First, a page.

NB: These days, my activities include working with a collective,
working with you, and working by myself. When I need a break from one,
I move to another. Each one has limitations, and each one can bring
unexpected and often quite exciting results. I would not want to give
up one type of activity for another, and I am happy to report that I
don't have to! Each one satisfies, produces, and frustrates.

AS: Don't you think that the way your Universal Page looks brings some
sad thoughts, like there is no hope and meaning in all human activity?

NB: You mean OUR universal page. No. If I thought that there was no
hope and meaning in human activity, I would retire (or worse.) I think
provocation is different than nihilism.

AS: Please change this for the record. What provocation?! We did it
without knowing results . . .

[ The Universal Page is the objective
average of all public content on the Web merged together as one. A s
script crawls and searches the entire Web, analyzing and processing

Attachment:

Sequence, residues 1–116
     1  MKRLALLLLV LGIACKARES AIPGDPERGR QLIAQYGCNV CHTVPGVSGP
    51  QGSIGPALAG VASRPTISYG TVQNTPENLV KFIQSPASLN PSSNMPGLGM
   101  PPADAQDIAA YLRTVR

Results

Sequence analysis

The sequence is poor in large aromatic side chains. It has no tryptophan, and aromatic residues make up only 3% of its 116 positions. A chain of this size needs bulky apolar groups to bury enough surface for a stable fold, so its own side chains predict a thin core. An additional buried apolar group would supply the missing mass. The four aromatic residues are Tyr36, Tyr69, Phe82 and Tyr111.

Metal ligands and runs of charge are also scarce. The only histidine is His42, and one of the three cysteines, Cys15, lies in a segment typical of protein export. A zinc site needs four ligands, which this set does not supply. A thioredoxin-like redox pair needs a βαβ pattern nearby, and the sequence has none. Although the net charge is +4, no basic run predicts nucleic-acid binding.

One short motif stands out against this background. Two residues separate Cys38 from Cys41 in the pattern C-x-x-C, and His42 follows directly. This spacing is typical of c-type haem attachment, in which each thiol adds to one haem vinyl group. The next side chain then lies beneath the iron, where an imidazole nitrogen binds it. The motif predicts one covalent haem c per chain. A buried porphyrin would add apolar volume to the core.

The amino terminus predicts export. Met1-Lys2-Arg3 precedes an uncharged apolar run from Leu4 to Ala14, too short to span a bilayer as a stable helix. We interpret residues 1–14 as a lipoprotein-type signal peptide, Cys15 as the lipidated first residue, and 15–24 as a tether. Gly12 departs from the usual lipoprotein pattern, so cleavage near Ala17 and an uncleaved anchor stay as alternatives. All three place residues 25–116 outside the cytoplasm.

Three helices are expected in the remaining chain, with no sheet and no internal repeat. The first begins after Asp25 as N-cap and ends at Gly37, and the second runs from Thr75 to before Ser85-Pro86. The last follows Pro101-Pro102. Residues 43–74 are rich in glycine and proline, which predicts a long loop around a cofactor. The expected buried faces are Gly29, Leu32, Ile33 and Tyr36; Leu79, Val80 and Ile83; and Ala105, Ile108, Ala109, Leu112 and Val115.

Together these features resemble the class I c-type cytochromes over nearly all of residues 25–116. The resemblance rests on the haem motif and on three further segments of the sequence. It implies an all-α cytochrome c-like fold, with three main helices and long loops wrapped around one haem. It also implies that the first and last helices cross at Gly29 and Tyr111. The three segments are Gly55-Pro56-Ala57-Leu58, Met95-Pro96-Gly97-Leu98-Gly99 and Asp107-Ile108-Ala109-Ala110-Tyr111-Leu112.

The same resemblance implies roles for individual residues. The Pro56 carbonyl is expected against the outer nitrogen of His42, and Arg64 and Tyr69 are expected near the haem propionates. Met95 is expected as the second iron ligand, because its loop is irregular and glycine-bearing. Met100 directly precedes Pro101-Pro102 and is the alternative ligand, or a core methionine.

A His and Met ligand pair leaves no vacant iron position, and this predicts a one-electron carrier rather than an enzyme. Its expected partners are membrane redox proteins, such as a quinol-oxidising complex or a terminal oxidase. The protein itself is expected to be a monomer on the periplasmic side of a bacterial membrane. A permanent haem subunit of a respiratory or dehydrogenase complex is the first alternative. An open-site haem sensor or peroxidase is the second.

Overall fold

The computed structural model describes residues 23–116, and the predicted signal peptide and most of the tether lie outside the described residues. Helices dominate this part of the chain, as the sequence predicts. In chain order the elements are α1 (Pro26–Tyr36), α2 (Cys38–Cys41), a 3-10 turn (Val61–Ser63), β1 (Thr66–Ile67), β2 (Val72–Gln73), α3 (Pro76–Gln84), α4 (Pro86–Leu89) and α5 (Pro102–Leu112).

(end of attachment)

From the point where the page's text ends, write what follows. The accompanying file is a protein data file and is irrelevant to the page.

current data and generating an average according to precise
algorithms. The Universal Page is a pulsating, living monument
commemorating no single individual or ideology but instead,
celebrating the global collective known as the World Wide Web. ]

NB: True, but I won't change this for the record unless you can do a
better job
of convincing me!

AS: Dear readers of this text . . .

What are we doing now? Trying to talk or presenting ourselves for
other people? Don't forget about the honorarium: we have to deliver an
interesting text!

NB: Sad thoughts can lead to new ideas and activities. I think that
the Universal Page signals the end of a particular set of activities
on the Web -- the artist's Web page -- and asks for a new type of
activity. It is the LAST Web page. The ULTIMATE Web page.

AS: ??? It's not an average of artists' pages, it's all the Internet.

NB: Yes, of course, but it ends up as artists' Web pages, of sorts.
And it is being shown in the context of an art museum. I think there
are some similarities in this work to our essay "An Introduction to 1994-1999" ( in that it can be
seen as a manifesto and a plea for movement. Our project could be
interpreted as a very cynical statement. but that would be a
superficial reading of it.

AS: What would be the profound reading of the project?

NB: It is (like you and me) a mixture of intense belief and hope in
the possibilities of this new medium (and in art in general), together
with a strong distrust of and frustration with its extensive hype and